18. The method of claim 1, wherein the collected data includes a representation representing an RF signal propagation loss between a base transceiver station and an estimated position of the mobile station.
  19. The radio frequency signal of claim 1, wherein the collected data includes a representation of RF signal transmission and reception system gains for the signal path between the transmit and receive base station and the estimated location of the mobile terminal station. Property control method.
  20. The method according to claim 1, wherein the collected data includes an estimated location for the mobile terminal station provided from a location determination process.
  21. The method of claim 1, wherein the collected data includes measurements relating to interference of a communication system at a base transceiver station.
  22. The method of claim 1, wherein the collected data includes measurements relating to a quality of service of a communication system at a base transceiver station.
  23. The method of claim 1, wherein the collected data includes a measurement regarding a bit error rate of a communication system at a base transceiver station.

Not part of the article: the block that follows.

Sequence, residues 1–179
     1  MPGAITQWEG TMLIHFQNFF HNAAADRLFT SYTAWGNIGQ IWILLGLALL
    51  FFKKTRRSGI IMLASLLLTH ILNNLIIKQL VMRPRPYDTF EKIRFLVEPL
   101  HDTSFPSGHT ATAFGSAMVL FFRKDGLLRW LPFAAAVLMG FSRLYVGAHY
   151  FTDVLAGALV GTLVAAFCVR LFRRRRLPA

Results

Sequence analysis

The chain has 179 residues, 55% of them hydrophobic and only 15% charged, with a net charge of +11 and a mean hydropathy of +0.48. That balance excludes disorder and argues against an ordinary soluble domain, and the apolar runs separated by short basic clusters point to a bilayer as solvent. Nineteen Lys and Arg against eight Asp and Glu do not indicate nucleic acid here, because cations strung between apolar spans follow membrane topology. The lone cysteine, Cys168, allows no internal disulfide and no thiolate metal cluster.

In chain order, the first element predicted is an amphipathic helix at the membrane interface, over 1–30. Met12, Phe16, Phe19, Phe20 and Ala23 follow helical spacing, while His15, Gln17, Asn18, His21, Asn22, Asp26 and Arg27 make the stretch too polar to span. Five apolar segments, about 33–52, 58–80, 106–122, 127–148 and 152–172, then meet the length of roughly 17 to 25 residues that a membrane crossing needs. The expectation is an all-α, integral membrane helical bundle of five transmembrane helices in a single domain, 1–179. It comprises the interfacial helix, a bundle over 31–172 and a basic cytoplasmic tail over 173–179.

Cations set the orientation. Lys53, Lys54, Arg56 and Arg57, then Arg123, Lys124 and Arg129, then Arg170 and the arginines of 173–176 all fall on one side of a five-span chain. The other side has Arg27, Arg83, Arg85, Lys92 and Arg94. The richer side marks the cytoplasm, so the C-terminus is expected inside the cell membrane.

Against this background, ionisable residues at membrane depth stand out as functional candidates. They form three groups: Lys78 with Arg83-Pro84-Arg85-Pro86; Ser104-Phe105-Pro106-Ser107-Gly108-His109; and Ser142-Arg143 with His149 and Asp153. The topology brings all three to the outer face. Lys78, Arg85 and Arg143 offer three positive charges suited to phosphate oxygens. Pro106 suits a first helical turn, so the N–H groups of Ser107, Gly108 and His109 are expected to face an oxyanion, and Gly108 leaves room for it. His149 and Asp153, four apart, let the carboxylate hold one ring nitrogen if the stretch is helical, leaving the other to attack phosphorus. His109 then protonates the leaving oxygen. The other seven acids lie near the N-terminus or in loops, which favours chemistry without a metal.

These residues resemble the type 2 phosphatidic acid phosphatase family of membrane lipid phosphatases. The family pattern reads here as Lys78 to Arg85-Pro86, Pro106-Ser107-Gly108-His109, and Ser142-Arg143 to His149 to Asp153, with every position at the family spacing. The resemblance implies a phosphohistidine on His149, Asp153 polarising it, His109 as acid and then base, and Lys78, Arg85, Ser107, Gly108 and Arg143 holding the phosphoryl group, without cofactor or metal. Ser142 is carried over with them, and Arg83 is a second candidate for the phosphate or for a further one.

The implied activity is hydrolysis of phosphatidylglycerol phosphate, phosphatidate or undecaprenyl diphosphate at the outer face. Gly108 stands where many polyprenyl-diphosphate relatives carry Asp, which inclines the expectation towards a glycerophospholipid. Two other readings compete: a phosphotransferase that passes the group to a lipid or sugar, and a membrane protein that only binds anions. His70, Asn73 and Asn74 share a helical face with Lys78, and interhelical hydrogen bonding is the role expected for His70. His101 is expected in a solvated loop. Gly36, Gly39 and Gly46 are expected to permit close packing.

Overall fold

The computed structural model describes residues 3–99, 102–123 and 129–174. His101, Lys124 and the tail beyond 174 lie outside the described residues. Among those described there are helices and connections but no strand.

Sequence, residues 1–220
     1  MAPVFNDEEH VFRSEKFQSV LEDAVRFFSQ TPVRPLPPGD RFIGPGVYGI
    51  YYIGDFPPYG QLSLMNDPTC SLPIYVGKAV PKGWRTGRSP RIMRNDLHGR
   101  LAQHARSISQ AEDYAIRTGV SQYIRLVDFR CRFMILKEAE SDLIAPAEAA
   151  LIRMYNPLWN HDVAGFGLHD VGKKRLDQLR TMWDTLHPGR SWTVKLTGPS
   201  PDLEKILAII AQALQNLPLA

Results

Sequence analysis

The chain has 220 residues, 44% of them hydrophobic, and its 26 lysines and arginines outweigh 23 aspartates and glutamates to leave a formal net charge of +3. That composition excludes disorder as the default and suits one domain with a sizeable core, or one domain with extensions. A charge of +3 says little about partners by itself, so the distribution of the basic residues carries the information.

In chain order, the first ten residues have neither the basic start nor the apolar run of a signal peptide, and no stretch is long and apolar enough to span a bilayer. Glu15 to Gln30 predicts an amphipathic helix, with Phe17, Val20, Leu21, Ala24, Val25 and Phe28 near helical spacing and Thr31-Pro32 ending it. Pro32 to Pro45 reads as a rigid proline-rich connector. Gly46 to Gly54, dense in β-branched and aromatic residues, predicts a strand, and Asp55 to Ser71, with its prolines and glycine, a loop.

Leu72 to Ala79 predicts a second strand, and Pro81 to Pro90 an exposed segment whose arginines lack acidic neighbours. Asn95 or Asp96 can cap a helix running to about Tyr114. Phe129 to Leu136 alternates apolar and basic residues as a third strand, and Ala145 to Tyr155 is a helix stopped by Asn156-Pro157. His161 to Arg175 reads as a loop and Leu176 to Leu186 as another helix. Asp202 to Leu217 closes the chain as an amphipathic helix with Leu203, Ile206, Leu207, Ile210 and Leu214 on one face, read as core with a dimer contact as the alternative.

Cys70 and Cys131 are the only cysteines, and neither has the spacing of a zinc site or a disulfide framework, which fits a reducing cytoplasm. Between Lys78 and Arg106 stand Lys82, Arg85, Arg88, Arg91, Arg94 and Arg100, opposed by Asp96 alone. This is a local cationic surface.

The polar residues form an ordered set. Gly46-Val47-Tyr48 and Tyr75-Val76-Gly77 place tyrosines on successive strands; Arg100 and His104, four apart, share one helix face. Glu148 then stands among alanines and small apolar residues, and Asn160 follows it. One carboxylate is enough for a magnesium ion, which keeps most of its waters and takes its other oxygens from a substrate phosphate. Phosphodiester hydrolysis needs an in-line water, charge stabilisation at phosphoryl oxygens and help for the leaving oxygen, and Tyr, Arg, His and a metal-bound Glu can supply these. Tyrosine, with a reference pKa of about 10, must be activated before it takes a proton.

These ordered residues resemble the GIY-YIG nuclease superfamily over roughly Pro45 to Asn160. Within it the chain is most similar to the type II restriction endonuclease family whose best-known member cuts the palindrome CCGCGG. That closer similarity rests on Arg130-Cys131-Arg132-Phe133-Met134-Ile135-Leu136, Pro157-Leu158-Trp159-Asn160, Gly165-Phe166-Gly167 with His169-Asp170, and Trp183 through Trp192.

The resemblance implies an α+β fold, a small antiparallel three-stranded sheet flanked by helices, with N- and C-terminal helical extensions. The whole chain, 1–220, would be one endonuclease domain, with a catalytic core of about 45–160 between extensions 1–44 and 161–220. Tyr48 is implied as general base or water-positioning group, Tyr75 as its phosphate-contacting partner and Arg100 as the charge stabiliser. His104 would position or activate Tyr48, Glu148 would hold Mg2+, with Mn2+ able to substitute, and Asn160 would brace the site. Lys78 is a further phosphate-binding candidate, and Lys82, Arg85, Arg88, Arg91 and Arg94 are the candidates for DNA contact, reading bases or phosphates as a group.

24. The method of claim 1, wherein the collected data includes data indicative of the number of location measurement units capable of receiving transmissions at the mobile terminal station.
  25. 25. The radio frequency signal characteristic control of claim 24, further comprising: causing the mobile terminal station to increase its transmission power so that a predetermined number of position measuring units can receive the transmission. Way.
  26. The method of claim 1, wherein the expected effectiveness measure comprises an expression of expected location determination accuracy.
  27. 27. The method of claim 26, wherein the expression of predicted positioning accuracy comprises at least one parameter representing an expected uncertainty of a location error covariance matrix. .
  28. 30. The method of claim 27, wherein the parameter expression of the predicted position uncertainty comprises dividing an expected matrix value of the position error covariance matrix, an expected trace of the position error covariance matrix, and an expected precision dilution with respect to the expected position determination. and at least one element selected from the set consisting of dilution of precision.
  29. The method of claim 1, wherein the determining of the optimal value comprises combining the predicted position measurement accuracy and the quality of service or bit error rate of the communication system anticipated from the influence of interference associated with the candidate adjusted signal characteristics. and (jointly) evaluating the radio frequency signal characteristics.